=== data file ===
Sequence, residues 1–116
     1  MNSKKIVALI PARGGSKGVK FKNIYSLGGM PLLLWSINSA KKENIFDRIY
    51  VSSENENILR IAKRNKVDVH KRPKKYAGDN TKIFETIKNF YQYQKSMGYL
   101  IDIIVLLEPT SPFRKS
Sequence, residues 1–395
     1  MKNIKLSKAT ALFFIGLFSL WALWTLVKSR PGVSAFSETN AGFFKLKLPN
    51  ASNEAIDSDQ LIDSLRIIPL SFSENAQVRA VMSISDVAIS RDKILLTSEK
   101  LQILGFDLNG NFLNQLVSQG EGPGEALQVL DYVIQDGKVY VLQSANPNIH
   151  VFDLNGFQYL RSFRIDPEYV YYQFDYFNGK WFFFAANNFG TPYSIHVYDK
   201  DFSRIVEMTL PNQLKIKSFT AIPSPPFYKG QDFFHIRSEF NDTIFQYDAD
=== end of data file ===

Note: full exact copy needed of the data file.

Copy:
Sequence, residues 1–116
     1  MNSKKIVALI PARGGSKGVK FKNIYSLGGM PLLLWSINSA KKENIFDRIY
    51  VSSENENILR IAKRNKVDVH KRPKKYAGDN TKIFETIKNF YQYQKSMGYL
   101  IDIIVLLEPT SPFRKS
Sequence, residues 1–395
     1  MKNIKLSKAT ALFFIGLFSL WALWTLVKSR PGVSAFSETN AGFFKLKLPN
    51  ASNEAIDSDQ LIDSLRIIPL SFSENAQVRA VMSISDVAIS RDKILLTSEK
   101  LQILGFDLNG NFLNQLVSQG EGPGEALQVL DYVIQDGKVY VLQSANPNIH
   151  VFDLNGFQYL RSFRIDPEYV YYQFDYFNGK WFFFAANNFG TPYSIHVYDK
   201  DFSRIVEMTL PNQLKIKSFT AIPSPPFYKG QDFFHIRSEF NDTIFQYDAD